“The European Union agreed in October ambitious targets for 2030 with a legally binding reduction of CO2 emissions of at least 40%, increases of renewable energy and energy efficiency of at least 27% and a boost of the internal European energy market through a boost of interconnection. The announcements to date cover around half of the global emissions.

“We urge others, especially the G20 members, to announce their targets in the first half of 2015 and transparently. Only then we can assess together if our collective efforts will allow us to fulfil the goal of keeping global temperature increases well below 2 degrees Celsius.

“The EU expects these targets to be part of a longer range effort to transition to low carbon economies. Now it will be important to maintain the level of ambition and aim for a credible and durable global climate agreement in Paris next year.

“In the multilateral UN negotiation process, Lima is the next milestone and we look forward to engaging with all our partners. The clock is ticking. It's time to move to action.”

However, Friends of the Earth International Energy Campaigner Asad Rehman explained: "This isn’t the major breakthrough the planet needs.

"The US pledge represents at most a woeful 15% cut on 1990 levels - a weaker target even than that promised by Obama in Copenhagen in 2009. Much greater ambition is needed to stop the worst impacts of climate change.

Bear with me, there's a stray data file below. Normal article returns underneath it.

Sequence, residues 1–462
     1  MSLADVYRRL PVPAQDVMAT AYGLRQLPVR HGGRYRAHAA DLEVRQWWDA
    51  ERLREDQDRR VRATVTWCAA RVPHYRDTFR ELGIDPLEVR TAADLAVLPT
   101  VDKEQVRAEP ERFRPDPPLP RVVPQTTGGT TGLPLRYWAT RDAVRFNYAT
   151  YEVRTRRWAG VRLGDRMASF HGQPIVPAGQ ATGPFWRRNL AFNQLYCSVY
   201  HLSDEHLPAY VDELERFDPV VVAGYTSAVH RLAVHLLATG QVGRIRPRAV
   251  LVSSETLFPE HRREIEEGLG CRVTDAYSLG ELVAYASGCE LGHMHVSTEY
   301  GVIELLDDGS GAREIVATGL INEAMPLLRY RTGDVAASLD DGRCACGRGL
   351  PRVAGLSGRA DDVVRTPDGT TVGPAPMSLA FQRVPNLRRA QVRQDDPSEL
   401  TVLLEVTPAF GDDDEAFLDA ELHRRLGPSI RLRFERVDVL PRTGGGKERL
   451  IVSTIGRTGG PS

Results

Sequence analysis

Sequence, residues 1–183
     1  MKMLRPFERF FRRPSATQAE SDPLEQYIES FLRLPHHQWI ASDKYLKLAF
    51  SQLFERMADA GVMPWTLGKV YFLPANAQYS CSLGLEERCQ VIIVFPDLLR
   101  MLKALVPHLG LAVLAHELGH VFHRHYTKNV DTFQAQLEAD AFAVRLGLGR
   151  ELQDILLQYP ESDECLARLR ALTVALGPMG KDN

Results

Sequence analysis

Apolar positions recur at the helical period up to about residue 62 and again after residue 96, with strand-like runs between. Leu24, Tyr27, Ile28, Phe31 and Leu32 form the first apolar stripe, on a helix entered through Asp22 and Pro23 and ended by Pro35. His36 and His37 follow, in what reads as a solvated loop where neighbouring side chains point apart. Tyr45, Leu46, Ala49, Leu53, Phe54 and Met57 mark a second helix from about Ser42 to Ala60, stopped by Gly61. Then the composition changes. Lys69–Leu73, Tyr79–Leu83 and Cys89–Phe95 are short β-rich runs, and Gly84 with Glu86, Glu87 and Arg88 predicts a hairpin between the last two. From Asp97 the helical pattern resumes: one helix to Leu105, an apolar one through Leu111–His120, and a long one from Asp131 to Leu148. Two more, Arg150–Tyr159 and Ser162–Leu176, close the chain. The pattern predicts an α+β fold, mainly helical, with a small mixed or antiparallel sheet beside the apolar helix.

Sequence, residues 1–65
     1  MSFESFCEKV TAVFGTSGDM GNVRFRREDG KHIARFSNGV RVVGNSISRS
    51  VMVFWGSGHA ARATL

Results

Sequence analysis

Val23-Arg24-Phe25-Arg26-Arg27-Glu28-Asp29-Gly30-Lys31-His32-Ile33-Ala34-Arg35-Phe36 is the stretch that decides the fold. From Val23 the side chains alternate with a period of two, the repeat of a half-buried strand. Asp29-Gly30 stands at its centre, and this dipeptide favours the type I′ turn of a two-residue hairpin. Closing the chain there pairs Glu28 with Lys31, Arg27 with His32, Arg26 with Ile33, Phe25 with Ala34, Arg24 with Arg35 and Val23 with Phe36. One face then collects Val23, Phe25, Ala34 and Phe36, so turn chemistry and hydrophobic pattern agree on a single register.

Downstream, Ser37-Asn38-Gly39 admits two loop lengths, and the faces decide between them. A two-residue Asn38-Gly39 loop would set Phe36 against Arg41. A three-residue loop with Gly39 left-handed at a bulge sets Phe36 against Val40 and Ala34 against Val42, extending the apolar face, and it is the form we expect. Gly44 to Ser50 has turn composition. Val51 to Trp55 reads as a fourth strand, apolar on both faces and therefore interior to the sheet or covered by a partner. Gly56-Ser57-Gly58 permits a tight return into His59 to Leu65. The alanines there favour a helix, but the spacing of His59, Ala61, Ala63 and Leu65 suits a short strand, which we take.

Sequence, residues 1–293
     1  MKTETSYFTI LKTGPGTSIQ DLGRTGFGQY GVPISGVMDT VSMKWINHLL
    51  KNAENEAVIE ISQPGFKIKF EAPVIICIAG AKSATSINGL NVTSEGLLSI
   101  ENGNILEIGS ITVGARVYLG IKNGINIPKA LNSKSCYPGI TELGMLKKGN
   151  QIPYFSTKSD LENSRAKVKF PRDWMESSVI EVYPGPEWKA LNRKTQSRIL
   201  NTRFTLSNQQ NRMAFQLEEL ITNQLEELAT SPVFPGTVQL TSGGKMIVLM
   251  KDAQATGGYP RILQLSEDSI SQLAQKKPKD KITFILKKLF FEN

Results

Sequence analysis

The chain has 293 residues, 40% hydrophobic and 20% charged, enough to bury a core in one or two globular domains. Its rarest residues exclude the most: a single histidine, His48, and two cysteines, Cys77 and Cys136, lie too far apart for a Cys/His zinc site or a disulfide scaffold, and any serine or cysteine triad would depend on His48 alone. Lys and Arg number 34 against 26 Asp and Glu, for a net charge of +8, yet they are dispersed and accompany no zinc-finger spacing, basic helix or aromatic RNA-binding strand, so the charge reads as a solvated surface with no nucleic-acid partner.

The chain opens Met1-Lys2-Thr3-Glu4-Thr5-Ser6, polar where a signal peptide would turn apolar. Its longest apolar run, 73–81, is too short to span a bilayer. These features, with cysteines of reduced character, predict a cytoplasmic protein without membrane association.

"If everyone follows the US approach then poorer countries will have to take on even greater efforts, without any support from rich nations to avoid the threat of catastrophic climate change.

"China’s intention to peak its emissions in the next fifteen years is certainly welcome news, but only in the context of a global deal based on science and fairness that delivers the urgent help developing nations need to cope with the severe threat global warming poses."

Mark Kenber, CEO of The Climate Group, said: “Barack Obama and Xi Jinping deserve recognition for their climate leadership. Not only are the two biggest polluters taking new and unprecedented commitments to reduce greenhouse gas emissions, but they're announcing them together. It shows that both countries recognize their individual responsibilities and the importance of their joint leadership on climate.